Your example of the engineers makes me wary...
As an engineer, you are legally responsible for the answers you give, and ethically responsible for the lives you endanger by risky answers. So if you are forced to make assumptions about a problem, you make conservative ones! Even after conservative assumptions, if the appropriate data is not available, then factors of safety of 2 are common (meaning 50% of what you could have gotten away with if the assumptions were actually correct).
If this was a real life example, were there soil borings done to determine the soil types? Did the engineers even get to see the site, or were they given dimensions and just told to run the numbers? Engineers will only give you an answer they are comfortable standing behind if shit hits the fan.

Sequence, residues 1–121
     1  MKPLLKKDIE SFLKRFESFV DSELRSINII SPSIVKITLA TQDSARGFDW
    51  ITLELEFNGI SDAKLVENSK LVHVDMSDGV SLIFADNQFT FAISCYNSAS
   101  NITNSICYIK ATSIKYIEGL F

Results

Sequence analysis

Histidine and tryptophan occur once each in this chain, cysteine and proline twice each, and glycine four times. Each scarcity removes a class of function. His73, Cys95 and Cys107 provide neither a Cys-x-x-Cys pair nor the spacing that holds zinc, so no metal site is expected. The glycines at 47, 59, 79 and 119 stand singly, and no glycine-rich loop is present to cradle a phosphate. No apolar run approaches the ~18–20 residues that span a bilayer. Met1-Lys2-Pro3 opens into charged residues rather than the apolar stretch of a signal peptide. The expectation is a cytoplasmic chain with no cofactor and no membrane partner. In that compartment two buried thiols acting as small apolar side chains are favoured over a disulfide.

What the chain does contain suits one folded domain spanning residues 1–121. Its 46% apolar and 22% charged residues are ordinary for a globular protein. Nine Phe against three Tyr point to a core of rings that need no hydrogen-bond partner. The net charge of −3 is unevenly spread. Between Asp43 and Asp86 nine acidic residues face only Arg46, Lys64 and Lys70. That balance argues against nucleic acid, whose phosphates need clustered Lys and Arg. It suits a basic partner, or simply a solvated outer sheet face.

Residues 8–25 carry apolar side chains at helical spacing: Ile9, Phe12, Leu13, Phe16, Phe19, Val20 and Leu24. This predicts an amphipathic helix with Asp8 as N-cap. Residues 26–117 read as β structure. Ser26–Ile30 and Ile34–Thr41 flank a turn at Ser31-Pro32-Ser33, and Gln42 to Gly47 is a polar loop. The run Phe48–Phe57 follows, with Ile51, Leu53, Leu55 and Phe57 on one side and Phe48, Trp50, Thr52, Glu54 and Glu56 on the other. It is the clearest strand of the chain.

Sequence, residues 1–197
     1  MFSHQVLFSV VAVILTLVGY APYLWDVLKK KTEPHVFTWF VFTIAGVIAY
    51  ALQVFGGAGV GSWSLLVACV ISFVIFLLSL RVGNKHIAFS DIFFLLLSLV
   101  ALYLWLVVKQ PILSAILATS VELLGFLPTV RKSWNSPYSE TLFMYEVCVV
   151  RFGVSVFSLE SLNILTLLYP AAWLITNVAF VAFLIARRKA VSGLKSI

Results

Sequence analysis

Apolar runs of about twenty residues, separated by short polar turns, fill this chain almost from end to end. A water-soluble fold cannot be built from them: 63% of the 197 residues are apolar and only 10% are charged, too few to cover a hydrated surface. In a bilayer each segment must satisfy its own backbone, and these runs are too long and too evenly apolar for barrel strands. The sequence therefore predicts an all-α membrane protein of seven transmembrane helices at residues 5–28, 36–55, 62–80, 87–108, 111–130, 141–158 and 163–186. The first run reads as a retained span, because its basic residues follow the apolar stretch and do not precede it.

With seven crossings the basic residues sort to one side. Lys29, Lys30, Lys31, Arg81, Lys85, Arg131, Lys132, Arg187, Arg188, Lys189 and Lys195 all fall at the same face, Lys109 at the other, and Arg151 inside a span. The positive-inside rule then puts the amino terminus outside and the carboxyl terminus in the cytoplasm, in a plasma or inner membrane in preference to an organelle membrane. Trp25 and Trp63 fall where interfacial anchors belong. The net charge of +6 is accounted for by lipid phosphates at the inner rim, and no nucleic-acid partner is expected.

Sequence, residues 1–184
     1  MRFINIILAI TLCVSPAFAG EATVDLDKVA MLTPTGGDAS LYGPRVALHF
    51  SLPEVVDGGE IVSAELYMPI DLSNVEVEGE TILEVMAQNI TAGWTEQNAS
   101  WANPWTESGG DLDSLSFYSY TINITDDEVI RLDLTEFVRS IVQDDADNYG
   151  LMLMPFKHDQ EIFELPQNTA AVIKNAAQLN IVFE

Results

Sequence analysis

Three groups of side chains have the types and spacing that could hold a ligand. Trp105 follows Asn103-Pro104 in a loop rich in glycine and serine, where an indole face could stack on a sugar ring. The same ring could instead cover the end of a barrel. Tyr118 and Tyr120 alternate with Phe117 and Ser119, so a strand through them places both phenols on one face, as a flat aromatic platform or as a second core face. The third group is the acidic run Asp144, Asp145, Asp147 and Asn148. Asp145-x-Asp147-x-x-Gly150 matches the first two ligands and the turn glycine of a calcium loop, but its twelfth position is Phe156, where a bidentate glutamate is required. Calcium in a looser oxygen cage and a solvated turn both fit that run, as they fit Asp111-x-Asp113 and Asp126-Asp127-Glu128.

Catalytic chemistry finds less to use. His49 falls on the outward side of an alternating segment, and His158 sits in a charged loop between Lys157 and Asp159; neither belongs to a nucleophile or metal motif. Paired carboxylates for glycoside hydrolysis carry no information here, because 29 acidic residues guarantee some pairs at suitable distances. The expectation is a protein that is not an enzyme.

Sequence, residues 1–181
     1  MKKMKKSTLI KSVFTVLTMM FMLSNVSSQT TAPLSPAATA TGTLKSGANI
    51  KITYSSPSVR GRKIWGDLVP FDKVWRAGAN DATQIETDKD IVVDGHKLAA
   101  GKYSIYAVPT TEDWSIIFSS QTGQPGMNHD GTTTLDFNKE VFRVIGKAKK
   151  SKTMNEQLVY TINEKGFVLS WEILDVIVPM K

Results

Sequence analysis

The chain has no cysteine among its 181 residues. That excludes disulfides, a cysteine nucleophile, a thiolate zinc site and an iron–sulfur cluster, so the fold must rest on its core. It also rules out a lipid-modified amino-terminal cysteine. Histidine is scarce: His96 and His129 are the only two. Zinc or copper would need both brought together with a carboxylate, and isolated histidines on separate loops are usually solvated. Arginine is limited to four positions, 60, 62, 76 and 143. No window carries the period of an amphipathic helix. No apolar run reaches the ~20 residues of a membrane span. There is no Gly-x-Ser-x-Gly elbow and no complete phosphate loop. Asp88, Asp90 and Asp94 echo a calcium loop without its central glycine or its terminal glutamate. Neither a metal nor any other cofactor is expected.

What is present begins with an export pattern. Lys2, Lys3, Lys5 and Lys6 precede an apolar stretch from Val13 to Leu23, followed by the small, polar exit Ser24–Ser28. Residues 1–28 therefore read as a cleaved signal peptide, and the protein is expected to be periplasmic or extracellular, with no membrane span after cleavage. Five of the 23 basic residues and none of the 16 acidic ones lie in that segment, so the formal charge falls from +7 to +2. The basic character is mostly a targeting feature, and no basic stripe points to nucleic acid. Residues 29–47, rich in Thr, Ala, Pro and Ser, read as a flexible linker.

You are right that an experienced excavator will be able to give a more accurate answer faster than an engineer, but there are always surprises. For example, there could be a lens of silt that undermines the structural integrity of the soil that no one would be aware of without a soil boring. As a civil engineer, I have seen contractors use there experience and just go at it. Sometimes it works fine...sometimes not so fine, and fingers start pointing. Contractors and engineers both have very important roles, and communication and respect needs to improve between the two in industry. It would be a bad idea to rely on an answer solely from an engineer or contractor.